• Member interfaces don’t need to be consecutive port IDs (e.g. g0/1, g0/2, g0/3, etc.) but they probably should be for the sake of being organized
  • The basic interface configuration command ischannel-group (virtual-interface-number) mode (protocol-mode)
    • The different modes will be covered in protocol-specific sections below
    • The virtual-interface-number must match for all interfaces on the switch, but does not need to match the number used for the interfaces on the other switch
  • You can use the channel-protocol (protocol) command to explicitly define whether the interface(s) operate in PAgP (pagp) or LACP (lacp) mode.
    • Mostly useless as configuring an EtherChannel mode will automatically select the correct protocol
    • If you define a protocol with this command then try to select a mode with a different protocol you will get a protocol mismatch error.
  • Use show etherchannel summary to view info about the EtherChannel

PAgP Configuration

  • Two modes: auto and desirable [^I suspect that Cisco may have reused some of their code from DTP for this…]
    • Desirable:
      • channel-group (virtual-interface-number) mode desirable
      • Will actively try to form a PAgP EtherChannel if the other switch is able/supports PAgP
    • Auto:
      • channel-group (virtual-interface-number) mode auto
      • Will only form an EtherChannel if the other switch actively tries to (is in desirable mode)
  • The modes work in much the same way as DTP, except with EtherChannel instead of trunking
  • A new “Port-channel” interface will be created and appear in the show ip interface brief command
Mode TableAutoDesirable
AutoNo EtherChannelEtherChannel

LACP Configuration

  • Nearly identical to PAgP, except the modes are called active and passive
    • Active:
      • channel-group (virtual-interface-number) mode active
      • Will actively try to form a LACP EtherChannel if the other switch is able/supports LACP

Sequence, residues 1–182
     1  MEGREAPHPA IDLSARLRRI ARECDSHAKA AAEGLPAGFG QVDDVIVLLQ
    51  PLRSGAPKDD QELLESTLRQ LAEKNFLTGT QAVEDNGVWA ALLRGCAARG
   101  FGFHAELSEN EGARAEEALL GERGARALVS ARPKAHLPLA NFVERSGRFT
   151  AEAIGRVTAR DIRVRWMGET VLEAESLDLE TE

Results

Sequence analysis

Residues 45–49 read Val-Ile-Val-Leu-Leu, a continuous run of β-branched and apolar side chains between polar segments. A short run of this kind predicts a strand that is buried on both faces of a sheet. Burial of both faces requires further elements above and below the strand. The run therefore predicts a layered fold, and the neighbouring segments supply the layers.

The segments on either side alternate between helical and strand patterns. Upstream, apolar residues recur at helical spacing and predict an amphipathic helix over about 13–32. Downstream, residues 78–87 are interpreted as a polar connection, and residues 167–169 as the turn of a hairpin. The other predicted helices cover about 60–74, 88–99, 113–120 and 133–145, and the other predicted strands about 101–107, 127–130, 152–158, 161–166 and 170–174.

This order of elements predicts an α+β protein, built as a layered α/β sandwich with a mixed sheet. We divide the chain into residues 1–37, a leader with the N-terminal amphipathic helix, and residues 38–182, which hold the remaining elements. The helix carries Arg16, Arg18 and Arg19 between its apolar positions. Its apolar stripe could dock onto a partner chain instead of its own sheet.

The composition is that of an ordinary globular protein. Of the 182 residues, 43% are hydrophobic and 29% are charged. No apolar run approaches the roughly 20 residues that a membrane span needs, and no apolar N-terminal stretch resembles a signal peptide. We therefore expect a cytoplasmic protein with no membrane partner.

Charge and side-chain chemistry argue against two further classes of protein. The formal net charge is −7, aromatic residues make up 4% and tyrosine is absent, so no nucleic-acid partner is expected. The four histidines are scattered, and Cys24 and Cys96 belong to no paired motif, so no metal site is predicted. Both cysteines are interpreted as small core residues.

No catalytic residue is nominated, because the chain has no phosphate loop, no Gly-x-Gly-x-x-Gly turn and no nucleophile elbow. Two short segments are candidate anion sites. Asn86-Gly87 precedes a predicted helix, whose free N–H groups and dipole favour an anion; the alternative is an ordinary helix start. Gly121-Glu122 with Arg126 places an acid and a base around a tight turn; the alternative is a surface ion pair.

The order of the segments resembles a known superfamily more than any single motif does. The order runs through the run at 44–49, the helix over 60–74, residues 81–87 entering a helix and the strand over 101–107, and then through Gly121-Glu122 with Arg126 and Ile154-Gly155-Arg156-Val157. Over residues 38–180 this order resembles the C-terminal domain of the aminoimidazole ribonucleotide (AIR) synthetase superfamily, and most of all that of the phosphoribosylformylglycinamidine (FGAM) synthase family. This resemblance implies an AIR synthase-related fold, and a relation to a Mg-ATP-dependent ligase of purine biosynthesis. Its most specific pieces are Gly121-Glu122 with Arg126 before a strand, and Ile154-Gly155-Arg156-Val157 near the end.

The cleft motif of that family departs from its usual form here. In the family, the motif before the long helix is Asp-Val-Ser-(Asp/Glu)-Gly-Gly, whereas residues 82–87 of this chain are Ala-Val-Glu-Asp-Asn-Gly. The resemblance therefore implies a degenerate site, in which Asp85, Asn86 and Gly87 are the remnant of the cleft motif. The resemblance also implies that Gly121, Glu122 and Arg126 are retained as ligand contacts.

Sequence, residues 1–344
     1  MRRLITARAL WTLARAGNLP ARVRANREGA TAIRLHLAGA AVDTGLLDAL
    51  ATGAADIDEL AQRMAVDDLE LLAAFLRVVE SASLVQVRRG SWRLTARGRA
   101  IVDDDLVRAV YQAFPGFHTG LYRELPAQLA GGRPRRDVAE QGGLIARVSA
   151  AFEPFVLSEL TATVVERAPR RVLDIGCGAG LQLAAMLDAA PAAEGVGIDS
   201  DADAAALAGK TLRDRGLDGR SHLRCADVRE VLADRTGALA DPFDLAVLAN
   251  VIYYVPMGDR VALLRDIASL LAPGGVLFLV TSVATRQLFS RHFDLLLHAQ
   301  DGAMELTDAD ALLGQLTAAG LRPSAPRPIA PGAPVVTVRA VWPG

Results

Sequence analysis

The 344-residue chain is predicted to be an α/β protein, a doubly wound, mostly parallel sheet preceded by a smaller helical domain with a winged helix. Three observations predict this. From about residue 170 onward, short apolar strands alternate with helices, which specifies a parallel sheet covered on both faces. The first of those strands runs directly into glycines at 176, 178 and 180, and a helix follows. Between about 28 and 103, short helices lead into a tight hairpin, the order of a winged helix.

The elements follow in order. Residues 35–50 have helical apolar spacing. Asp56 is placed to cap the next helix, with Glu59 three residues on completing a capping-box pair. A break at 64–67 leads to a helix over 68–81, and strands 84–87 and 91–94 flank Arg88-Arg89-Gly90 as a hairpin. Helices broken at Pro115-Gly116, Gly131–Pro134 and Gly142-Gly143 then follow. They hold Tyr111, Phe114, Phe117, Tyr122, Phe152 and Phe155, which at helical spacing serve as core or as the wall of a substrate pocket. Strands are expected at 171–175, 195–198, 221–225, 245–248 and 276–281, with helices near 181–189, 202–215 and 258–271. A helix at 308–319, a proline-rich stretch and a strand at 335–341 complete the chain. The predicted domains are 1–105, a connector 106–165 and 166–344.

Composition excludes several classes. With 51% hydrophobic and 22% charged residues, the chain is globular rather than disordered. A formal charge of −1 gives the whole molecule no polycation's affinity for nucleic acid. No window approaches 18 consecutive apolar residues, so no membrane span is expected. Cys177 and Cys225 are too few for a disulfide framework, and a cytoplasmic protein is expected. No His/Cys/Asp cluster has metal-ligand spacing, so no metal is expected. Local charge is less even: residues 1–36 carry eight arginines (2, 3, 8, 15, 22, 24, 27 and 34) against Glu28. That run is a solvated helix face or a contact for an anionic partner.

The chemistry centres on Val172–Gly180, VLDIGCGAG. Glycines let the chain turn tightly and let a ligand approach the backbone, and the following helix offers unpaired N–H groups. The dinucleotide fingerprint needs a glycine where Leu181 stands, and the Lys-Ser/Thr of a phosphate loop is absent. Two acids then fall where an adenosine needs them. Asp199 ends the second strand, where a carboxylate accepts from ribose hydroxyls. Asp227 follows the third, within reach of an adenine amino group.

• Passive:
      • channel-group (virtual-interface-number) mode passive
      • Will only form an EtherChannel if the other switch actively tries to (is in active mode)
  • A new “Port-channel” interface will be created and appear in the show ip interface brief command
Mode TablePassiveActive
PassiveNo EtherChannelEtherChannel

Static Configuration

  • Only one mode: On
    • channel-group (virtual-interface-number) mode on
    • Manually tells the interface to form an EtherChannel
    • Only works if the other switch’s interfaces are also set to ‘On’ mode (on + desirable or on + active will not work!)

Configuring the Virtual Interface

  • You can configure the virtual Port-interface created by the EtherChannel much like a normal physical interface
  • Select the virtual interface with interface (interface-id) just like you would with a regular interface
    • the interface ID will probably be something like port-channel 1
  • You can configure the interface as a trunk
    • doing so will also configure all the member physical interfaces as trunks

Layer 3 EtherChannel

  • Using multilayer switches. Layer 3 may be desirable as it almost entirely eliminates the need for STP; Routed ports do not forward Layer 2 broadcasts.
  • Example commands:
    • int range (interface-ids)
    • no switchport //makes them routed (Layer 3) interfaces
    • channel-group 1 mode (mode) //you can use any number, not just 1, but keep things organized
    • int port-channel 1
    • ip address //use whatever IP/Netmask are appropriate for your network
  • If all member interfaces are configured as routed/Layer 3 the Virtual EtherChannel interface will automatically be routed
  • The IP For the virtual interface should be configured on the virtual interface, not on the member interfaces

Notes, Definitions, Etc.


When the bandwidth of the interfaces connected to end hosts is greater than the bandwidth of the connection to the distribution switch(es). Some is generally acceptable, assuming not all hosts are sending/receiving data at all times, but too much will cause congestion.